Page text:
Helping put broken lives back together

Kevin Neary, left, and PC Graeme Buchan. Picture: Greg Macvean
Kevin Neary, left, and PC Graeme Buchan. Picture: Greg Macvean

ASKED when she knew her life was out of control, a deep sadness clouds Sam’s eyes before she speaks.

“I was at a house party at a flat in Gorgie and went into the next room for a lie down for a while. I found my friend had ripped a hole in bedsheets and hung herself from the wardrobe. “I took her down.” Sam was just 14 years-old and in the grip of Mephedrone, an illegal stimulant.

“She was 30 and looked after me. She was like a big sister. We’d go out and she’d make sure nobody took advantage of me. She just had her three boys taken away and the drink and drugs made her depressed.”

Brought up in a loving Ratho family, Sam enjoyed a “normal” childhood until she hit adolescence and derailment. All it took was one bad day and access to M-Cat, as it was known.

“All my friends were on it but I always said ‘no’. But then one day I tried it and loved it.”

Family and school became irrelevant as Sam was all-consumed. “I was out partying every night,” she says.

“I stopped going to school and was reported missing all the time – my mum and dad even got fined £300 for me missing school.

“I was totally out of control but I didn’t care.”

It would be another five years of turmoil and trouble – culminating in five arrests for assault in just six months – before Sam found solace and salvation in the shape of the VOW project.

Based in a former police post on Edinburgh High Street, it brings together police with the anti-addiction charity Aid & Abet in a national first.

PC of 25 years Graeme Buchan set-up VOW – Voluntary Offender Watch – in 2013 with one fellow officer out of a cramped, empty office in Corstorphine police station.

“We’d spend time looking at court lists and speaking to offenders, trying to find people to help,” recalls PC Buchan, 57.

“We had people who couldn’t understand why the police wanted to help. Then there were those who thought we just wanted them to inform on their friends. No doubt others thought we were just on a wind up,” admits PC Buchan.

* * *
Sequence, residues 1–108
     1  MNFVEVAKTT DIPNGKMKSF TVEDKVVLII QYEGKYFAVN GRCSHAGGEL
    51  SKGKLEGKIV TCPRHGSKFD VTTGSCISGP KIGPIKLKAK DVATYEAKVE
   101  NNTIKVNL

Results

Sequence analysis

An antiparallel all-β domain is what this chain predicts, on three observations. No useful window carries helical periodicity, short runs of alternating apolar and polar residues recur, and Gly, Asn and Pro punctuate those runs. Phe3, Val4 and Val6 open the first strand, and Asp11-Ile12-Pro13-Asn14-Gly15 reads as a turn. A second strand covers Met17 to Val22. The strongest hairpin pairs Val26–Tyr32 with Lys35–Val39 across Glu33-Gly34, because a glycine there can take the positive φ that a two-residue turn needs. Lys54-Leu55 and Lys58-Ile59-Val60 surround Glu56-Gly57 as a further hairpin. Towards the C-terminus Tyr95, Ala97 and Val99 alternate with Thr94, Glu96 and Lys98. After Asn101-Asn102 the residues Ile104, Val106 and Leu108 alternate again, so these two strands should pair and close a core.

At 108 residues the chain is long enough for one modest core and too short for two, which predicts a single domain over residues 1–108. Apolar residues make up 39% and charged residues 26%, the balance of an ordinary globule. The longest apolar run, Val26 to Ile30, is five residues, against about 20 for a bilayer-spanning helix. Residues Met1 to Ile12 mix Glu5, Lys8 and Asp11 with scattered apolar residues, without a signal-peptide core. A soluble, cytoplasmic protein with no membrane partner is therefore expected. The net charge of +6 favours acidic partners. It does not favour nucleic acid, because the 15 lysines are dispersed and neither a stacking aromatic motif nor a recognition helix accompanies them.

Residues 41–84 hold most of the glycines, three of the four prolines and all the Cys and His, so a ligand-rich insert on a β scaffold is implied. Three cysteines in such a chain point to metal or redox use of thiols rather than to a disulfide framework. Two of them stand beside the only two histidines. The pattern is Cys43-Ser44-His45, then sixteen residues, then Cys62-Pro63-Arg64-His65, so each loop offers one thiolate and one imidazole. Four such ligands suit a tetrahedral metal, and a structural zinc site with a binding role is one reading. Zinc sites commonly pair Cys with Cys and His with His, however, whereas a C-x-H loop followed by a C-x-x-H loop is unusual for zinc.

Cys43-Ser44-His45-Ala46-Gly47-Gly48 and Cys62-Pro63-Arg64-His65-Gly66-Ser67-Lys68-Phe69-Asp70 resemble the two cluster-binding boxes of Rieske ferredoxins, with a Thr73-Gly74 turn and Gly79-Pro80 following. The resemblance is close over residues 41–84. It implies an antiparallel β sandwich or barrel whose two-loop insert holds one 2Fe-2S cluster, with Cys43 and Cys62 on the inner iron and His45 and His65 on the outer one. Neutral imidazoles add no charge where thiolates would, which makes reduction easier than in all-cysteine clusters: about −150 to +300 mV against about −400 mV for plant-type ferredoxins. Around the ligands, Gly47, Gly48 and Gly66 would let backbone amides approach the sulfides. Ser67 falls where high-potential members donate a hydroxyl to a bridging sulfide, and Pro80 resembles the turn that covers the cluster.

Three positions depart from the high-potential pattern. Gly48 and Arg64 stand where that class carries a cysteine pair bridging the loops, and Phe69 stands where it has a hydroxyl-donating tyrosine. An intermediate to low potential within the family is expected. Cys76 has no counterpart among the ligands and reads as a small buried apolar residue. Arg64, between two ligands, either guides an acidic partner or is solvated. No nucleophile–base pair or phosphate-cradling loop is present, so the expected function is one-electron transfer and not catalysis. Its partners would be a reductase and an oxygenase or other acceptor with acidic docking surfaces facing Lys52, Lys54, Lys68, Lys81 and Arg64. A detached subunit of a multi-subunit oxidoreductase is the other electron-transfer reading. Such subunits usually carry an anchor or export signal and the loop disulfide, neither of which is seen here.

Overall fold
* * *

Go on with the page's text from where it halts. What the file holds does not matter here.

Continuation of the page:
“But if you’re desperate for help, it doesn’t matter who is offering it, you’ll probably accept it.”

PC Buchan still remembers his first client – a 21-year-old lad from Leith who was no stranger to the sheriff. “He was what I call a weekend warrior,” says PC Buchan. “He’d go out drinking with his friends at the weekend and get into fights.”

Four years on, and the only blemish on the lad’s record was as part of the Hampden Park pitch invasion after Hibs’ historic cup final win last May.

Poverty, poor family, bad housing, wrong choice of friends are all contributing factors – but as with Sam, substance abuse often speeds the descent.

“For some of these guys, it’s the first time somebody’s cared about them,” says VOW mentor Kevin Neary, 49. “I’ve had guys in floods of tears.

“These guys we work with are broken adults – with VOW we’re preventing young adults from becoming broken adults.”

In burly Kevin, with a thousand yard stare honed over a 30-year battle conquering his own demons, PC Buchan has found someone offenders can relate to.

“I ask them what was their dream as a kid. Some don’t even know, they’ve been living such chaotic lives,” says Kevin.

“So we show them it’s possible to change their lives – we light them up and that’s exciting for me. It’s rewarding to see and do this work.”

Help can be anything from getting clients to court – avoiding warrants for their arrest – to helping them claim benefits and avoid trouble. But most of all, VOW is about lending an ear and giving hope.

“I say to them, if you continue robbing houses, the theft team will come to get you,” says Kevin. “If you carry on with drugs, the drugs team will come to get you. If you want to change, the VOW team will come to get you.”

As with any programme aimed at changing behaviour, VOW tries to catch offenders young, aged 16-25.

“Anything broken, when you put it back together, it’s not perfect,” says Kevin. “So it’s better to try and prevent it getting broken in the first place.”

The intervening four years has seen 101 offenders come through their door – reducing their clients’ offending by 82 per cent and saving the taxpayer £5.6m in court fees.

VOW prides itself on being there for as long as a client needs them, with two exceptions – if they carry on offending or by mutual consent.

So confident is PC Buchan in VOW’s method, he feels it could help tackle the spectre of motorbike crime in north Edinburgh.

“If we could get them out of there, then we could help them,” said PC Buchan. “When you’re living in close proximity with others involved in motorcycle crime then it’s very difficult to walk away from it.”

It was this infectious sense of hope that saved Sam – though it was no easy road. “I told him I’d headbutt him if he came near me, I thought he was polis,” she recalls her first meeting with a VOW mentor in the cells beneath Edinburgh Sheriff Court. But a year later, Sam is off the drugs, out of trouble and back near her folks in Ratho with her partner and their young daughter.

She works part-time as a housekeeper in an Ingliston hotel and dotes on three-month-old Annie. “It it wasn’t for VOW, I wouldn’t have got Annie home,” admits Sam.

Now 20, Sam’s eyes light-up when asked about her VOW-inspired dream. “I want to go to college and do hostelry for bartending. And I want to take care of Annie.”